LowComDom Performances Presents
This car was leaking one of its bodily fluids ...
IT'S BIG TROUBLE WHEN YOUR CAR LEAKS SYRUP -- By Bill Hall, Lewiston, Idaho, Tribune, April 26, 1991
I knew I had big trouble when my son came back from a drive across town looking stressed.
He said my car had lurched to the right a time or two while he was driving home. And when he got out and inspected the vehicle, he noticed a weird fluid had leaked out from somewhere and streaked the side of the car.
Sure enough, the side of the car glistened with a strange, clear, sticky stuff about the consistency and color of white Karo syrup that weird-tasting syrup we used to use in homemade baby formula back before modern medicine reinvented the breast.
I am no mechanic but you don't have to be an expert to know that any sticky stuff streaked along the side of a car is a bad sign even if it does look like one of the ingredients in baby forumla.
Cars aren't that different from people. They have fluids in them for a reason. When those fluids end up on the outside instead of the inside, it is not usually a healthy sign for the car, or for the wallet of the person who drives it.
This car was leaking one of its bodily fluids and it looked like a crucial one. Sticky stuff that looks like Karo syrup usually has something to do with the brakes or the radiator or the U-bolt or the underwarped invigorator or the differential habitat or the X-chromosome or one of those important-sounding parts that keep a car friendly to human life.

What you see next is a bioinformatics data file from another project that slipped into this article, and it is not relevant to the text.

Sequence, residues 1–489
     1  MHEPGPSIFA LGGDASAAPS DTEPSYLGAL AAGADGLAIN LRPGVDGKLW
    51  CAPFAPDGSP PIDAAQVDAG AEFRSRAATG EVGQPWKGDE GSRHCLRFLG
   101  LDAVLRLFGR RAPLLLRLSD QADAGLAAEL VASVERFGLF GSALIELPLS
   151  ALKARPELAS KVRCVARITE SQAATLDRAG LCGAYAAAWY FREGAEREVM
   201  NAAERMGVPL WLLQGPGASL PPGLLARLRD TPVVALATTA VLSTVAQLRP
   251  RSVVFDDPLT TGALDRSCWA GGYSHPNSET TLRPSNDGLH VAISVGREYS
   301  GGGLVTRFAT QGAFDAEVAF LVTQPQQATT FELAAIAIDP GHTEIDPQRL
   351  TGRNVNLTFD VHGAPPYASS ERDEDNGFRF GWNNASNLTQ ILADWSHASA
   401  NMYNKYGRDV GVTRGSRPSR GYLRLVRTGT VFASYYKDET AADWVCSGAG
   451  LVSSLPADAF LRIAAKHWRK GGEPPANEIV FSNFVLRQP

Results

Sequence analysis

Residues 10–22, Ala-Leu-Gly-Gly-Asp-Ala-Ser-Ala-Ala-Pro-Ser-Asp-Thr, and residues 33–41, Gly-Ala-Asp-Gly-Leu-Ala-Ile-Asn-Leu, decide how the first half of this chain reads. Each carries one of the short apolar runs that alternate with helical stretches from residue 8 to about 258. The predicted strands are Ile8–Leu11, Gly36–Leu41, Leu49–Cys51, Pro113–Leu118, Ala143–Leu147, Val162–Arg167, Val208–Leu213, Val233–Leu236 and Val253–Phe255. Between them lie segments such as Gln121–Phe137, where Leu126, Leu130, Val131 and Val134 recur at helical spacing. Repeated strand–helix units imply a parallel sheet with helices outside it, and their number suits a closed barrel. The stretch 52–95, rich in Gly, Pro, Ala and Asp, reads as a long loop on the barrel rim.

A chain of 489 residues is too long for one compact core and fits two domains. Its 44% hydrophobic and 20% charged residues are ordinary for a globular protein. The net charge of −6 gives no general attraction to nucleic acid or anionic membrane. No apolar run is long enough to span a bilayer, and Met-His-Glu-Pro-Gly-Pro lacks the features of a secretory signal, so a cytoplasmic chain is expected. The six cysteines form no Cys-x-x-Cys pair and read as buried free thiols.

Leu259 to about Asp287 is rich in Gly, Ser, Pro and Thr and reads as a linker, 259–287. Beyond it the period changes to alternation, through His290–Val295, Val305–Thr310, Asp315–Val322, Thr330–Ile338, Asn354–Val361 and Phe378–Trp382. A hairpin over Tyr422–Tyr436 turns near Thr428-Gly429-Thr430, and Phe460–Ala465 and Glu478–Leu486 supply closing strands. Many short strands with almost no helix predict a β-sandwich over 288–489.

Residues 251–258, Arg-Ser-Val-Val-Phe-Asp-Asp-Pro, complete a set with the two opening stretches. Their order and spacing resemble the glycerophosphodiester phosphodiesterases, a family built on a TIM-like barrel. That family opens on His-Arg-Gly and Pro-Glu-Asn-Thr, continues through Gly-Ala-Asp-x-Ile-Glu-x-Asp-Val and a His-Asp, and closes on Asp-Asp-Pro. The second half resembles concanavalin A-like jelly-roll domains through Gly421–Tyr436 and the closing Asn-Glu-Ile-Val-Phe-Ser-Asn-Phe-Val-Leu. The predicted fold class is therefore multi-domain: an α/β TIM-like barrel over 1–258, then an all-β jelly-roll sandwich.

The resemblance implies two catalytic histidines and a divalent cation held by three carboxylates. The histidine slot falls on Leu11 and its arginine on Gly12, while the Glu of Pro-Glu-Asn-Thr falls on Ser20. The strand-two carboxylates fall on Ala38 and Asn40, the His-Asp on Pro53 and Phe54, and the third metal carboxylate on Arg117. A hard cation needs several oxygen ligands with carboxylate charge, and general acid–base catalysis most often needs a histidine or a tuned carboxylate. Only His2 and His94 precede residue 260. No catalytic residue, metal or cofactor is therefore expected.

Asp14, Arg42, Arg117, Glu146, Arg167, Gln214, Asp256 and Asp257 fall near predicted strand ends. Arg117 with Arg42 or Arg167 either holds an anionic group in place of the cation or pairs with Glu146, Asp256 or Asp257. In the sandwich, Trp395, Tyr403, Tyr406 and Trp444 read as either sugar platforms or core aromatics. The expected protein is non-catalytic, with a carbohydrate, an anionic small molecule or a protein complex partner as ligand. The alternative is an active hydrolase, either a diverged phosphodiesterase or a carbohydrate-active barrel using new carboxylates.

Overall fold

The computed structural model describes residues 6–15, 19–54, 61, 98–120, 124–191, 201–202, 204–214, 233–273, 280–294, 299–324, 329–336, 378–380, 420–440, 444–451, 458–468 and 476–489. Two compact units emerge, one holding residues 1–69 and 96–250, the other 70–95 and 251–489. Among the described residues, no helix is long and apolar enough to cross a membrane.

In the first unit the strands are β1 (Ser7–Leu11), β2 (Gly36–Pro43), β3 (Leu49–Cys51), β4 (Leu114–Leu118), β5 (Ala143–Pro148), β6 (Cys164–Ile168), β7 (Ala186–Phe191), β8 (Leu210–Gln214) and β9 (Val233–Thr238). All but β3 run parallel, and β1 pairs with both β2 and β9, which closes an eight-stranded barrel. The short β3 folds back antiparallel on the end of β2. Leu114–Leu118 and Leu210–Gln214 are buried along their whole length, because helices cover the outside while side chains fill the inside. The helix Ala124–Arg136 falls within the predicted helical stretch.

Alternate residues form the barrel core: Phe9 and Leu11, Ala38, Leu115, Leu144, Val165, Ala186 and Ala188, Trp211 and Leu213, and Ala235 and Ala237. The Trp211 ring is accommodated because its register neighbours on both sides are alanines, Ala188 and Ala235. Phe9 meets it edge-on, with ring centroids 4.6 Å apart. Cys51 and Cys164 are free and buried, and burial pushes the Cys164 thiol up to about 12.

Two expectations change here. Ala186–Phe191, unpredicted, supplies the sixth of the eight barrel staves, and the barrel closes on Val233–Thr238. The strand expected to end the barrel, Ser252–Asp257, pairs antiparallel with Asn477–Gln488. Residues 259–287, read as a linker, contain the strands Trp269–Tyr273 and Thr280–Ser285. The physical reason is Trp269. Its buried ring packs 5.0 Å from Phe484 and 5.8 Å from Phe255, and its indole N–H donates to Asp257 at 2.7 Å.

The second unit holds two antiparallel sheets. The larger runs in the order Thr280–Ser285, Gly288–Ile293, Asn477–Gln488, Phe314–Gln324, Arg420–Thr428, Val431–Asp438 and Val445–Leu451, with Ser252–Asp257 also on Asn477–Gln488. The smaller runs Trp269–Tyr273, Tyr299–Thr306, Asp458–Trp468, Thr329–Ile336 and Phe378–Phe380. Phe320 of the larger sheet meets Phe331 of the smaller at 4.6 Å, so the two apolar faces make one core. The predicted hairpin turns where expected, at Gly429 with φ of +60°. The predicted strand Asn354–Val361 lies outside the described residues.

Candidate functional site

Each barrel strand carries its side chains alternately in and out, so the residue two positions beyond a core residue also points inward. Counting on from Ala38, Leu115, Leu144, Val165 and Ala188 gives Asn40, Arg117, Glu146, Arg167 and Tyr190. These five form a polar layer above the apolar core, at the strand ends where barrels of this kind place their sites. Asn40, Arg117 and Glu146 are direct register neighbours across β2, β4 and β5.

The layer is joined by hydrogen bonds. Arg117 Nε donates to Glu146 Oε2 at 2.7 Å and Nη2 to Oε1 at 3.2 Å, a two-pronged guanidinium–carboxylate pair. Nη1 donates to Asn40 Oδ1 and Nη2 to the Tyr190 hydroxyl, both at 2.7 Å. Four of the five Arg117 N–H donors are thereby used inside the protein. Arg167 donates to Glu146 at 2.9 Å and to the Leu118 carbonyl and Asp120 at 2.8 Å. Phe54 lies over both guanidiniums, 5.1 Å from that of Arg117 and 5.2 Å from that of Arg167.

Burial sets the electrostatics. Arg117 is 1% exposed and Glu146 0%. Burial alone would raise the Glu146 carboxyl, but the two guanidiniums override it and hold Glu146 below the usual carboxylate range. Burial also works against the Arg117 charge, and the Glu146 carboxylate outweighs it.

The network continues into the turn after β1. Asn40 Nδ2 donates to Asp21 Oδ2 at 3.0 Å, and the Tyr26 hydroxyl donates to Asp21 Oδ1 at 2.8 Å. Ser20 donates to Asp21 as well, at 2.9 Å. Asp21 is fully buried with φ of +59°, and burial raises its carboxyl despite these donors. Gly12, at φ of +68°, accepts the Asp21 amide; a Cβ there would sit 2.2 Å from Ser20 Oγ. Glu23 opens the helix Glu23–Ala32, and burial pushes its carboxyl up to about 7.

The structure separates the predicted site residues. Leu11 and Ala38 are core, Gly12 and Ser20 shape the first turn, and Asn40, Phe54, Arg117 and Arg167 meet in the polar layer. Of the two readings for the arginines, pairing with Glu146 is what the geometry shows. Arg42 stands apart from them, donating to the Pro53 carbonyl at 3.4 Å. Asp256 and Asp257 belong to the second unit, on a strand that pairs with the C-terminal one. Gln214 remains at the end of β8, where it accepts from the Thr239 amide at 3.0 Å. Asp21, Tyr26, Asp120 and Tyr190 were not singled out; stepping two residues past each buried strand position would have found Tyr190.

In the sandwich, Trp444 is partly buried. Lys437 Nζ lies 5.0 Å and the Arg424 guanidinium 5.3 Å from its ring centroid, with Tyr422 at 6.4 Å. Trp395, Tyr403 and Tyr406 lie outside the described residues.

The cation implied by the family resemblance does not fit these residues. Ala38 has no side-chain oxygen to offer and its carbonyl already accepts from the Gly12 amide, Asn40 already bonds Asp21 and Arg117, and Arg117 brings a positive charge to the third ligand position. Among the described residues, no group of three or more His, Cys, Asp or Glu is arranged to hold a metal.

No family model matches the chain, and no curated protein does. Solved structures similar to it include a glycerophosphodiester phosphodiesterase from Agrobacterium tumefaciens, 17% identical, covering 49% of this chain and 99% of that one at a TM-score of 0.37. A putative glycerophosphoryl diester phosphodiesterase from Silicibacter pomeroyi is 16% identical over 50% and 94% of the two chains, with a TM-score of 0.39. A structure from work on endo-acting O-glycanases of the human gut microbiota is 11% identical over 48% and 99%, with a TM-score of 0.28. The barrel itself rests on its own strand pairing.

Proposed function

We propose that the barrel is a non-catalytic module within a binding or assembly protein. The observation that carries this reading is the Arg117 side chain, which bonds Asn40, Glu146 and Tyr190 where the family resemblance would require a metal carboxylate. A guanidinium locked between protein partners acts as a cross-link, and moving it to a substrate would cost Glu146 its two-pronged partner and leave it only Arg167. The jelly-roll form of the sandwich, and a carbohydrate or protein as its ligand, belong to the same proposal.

And sometimes those fluids have to do with steering. Sometimes if cars and people start leaking too many of the wrong liquids, they begin lurching to the right. That's why people tend to get more conservative as they grow older. It's as if they fill your little transmission with milk and Karo syrup when you're a baby and you head straight down the middle of the road for a few decades just like any normal American.
But there comes a day when one of your tubes or chambers or radiators or cylinders springs a leak. And then you start lurching to the right. That's why some people turn so sour when they grow old. They just run out of syrup.
This loss of car syrup was especially troubling because the car had been rattling for a few days. I had assumed it was the usual another cheap muffler biting the dirt. I live so close to work that my muffler doesn't get hot enough to keep the moisture cooked out. It rusts through from the inside. I go through about one a year.
But so far as I know, a rotten muffler won't cause steering problems, unless you call steering into the muffler shop for a replacement a steering problem.
I am not an automotive expert but I had assumed that the muffler can go out and the car will still steer down the road in a straight line unless the fumes from the leaky muffler make you dizzy.
And if the fumes don't give you a headache, the noise will. You can tell when the muffler has gone out because one moment you are driving a quiet little sedan and the next you are driving a truck.
But I had never had a muffler go out and throw a sticky liquid all over the side of the car. This was serious. I had to find out what that Karo syrup really was.
I babied the car to my mechanic and noticed two things:
It steered perfectly well without lurching to the right or the left.
It sounded like I was driving a truck.
The mechanic came out and took a look. He was especially fascinated with the sticky stuff on the side of the car that looked like Karo syrup.
He bent down, wiped some off with his finger and smelled it.
Something registered. He nodded.
Then he tasted it.
"What is it?" I asked.
"Karo syrup," he said, not kidding. "Somebody must have spilled some in the supermarket parking lot and you ran over it."
The steering was fine, though one of the front tires needed air.
But the muffler has a hole in it.
Maybe I'll try patching it with Karo syrup.